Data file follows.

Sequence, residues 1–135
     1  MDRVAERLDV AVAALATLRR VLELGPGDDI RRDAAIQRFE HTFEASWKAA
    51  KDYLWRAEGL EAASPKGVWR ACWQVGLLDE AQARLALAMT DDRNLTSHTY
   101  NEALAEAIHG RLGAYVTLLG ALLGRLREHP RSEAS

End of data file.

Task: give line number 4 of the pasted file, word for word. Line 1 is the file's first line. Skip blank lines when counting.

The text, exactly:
   101  NEALAEAIHG RLGAYVTLLG ALLGRLREHP RSEAS